8. The container of claim 1, further comprising at least one stowable ramp proximate the closure to facilitate loading and unloading of articles into and from the container.
9. The container of claim 1, further comprising at least one divider.
10. The container of claim 1, further comprising an accessory box.
11. The container of claim 1, further comprising a deck.
12. The container of claim 1, further comprising an exterior cover to generally enclose the container.
13. The container of claim 1, further comprising a nameplate displaying information corresponding to the articles stored in the container.
14. The container of claim 1, further comprising an electrical power outlet.
15. The container of claim 1, further comprising at least one data port configured to facilitate transfer of data to and from articles stored within the container.
16. The container of claim 1, further comprising at least one of GPS equipment and RFID tags to facilitate inventory and tracking of at least one of the container and articles stored therein.
17. The container of claim 1 wherein the members are finished in at least one predetermined color by one of molding, plating and painting.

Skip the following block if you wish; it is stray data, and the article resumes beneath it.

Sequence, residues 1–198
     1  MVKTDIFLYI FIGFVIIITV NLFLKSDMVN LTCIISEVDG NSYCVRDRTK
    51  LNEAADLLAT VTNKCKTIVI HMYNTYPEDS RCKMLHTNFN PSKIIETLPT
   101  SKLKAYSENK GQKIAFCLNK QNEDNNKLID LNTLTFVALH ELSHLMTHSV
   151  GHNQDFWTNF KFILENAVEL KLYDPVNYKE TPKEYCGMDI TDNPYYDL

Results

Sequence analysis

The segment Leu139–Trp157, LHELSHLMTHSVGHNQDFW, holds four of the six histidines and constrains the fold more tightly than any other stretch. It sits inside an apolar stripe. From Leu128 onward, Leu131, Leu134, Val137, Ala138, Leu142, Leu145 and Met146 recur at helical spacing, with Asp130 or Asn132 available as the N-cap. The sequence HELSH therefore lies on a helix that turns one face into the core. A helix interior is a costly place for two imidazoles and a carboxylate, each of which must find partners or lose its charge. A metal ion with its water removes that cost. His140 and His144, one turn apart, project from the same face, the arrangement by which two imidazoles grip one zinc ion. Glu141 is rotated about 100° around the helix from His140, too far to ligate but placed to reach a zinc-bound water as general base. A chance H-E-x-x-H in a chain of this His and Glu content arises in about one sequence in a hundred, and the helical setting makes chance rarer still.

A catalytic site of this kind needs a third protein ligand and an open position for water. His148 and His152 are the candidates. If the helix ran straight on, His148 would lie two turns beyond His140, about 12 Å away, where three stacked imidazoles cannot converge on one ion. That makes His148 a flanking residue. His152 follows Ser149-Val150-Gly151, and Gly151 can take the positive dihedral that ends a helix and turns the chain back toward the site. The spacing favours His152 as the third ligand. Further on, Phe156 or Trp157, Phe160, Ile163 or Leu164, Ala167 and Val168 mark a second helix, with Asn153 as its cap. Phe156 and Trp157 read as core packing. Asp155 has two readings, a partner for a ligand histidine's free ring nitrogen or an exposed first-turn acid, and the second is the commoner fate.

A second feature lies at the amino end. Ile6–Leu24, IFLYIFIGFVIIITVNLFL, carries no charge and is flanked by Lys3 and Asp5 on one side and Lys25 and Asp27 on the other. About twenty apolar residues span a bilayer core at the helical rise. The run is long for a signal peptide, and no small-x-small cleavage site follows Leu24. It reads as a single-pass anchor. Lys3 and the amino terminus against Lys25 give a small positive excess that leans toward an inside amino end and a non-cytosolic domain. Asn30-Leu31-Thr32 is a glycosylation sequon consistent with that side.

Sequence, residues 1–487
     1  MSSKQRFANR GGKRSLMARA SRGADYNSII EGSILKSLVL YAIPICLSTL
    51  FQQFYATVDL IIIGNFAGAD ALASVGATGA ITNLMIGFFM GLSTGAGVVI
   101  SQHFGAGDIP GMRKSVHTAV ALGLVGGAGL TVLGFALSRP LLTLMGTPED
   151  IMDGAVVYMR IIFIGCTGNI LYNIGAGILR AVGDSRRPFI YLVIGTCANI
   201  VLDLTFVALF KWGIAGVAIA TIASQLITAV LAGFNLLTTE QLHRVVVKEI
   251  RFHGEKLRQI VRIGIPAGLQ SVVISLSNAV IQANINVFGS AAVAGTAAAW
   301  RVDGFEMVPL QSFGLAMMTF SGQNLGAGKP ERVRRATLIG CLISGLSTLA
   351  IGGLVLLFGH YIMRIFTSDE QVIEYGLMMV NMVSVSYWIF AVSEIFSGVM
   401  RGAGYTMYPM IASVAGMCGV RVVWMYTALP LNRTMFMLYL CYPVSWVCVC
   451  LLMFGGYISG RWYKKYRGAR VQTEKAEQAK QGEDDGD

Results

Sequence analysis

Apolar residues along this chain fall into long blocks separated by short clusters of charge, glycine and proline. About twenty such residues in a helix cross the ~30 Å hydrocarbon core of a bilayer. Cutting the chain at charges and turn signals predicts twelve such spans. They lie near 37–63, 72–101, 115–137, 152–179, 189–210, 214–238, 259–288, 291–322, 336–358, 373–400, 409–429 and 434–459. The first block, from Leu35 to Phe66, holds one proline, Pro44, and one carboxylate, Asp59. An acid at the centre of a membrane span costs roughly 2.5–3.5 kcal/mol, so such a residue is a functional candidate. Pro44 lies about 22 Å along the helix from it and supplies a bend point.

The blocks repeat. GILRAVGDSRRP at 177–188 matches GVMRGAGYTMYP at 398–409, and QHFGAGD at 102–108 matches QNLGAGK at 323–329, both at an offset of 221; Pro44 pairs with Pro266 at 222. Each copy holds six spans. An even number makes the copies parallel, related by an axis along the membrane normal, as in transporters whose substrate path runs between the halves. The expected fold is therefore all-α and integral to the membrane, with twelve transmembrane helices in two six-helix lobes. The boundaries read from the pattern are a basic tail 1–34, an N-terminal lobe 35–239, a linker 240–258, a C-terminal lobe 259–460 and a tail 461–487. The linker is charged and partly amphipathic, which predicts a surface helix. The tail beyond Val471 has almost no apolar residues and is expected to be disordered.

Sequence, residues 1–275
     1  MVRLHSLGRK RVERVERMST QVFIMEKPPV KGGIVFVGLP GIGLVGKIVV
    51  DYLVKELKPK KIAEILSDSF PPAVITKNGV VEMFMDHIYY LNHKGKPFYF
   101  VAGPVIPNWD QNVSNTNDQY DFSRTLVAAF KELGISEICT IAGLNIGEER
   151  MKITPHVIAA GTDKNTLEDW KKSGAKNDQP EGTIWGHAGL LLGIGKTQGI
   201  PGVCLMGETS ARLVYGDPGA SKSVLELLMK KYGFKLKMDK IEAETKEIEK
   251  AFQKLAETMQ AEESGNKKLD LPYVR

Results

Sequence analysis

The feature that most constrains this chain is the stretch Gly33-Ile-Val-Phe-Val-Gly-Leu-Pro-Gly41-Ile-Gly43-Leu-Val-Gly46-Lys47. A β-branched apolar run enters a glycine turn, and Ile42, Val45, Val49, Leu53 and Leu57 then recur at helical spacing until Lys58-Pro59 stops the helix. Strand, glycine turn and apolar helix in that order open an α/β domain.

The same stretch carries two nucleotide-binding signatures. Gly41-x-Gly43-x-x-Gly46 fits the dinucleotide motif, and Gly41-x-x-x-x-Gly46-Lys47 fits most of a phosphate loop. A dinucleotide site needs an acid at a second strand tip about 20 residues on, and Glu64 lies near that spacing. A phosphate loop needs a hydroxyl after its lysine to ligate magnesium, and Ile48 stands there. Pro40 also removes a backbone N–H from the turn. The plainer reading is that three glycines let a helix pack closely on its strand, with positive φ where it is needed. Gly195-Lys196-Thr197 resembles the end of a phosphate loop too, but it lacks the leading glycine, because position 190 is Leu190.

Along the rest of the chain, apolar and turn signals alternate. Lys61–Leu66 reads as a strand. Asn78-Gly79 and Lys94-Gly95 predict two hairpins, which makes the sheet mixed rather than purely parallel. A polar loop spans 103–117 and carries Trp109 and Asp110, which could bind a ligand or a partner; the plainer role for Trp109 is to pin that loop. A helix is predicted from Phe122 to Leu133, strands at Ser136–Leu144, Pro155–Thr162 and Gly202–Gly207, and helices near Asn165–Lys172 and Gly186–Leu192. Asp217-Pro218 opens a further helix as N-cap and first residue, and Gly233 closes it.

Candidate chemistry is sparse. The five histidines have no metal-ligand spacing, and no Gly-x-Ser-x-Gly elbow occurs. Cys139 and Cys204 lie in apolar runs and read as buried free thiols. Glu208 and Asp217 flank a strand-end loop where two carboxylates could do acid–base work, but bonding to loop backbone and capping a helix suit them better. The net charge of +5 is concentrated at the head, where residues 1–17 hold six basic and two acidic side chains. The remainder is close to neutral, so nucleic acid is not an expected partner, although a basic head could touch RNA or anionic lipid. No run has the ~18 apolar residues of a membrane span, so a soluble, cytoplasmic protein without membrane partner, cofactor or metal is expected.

18. The container of claim 1 wherein the pair of legs comprise a second pair of wheels.
19. The container of claim 1 wherein the articles comprise voting equipment.
20. The container of claim 1, further comprising a table detachably coupled to a sidewall of the container.
21. The container of claim 1, further comprising a storage cage attached to the container.
Description

This application claims priority to U.S. Provisional Pat. App. No. 60/646,352, filed Jan. 24, 2005, the contents of which are hereby incorporated by reference.

FIELD OF THE INVENTION

The present invention relates generally to storage containers. In particular, the present invention relates to a secure storage and transport container for voting equipment.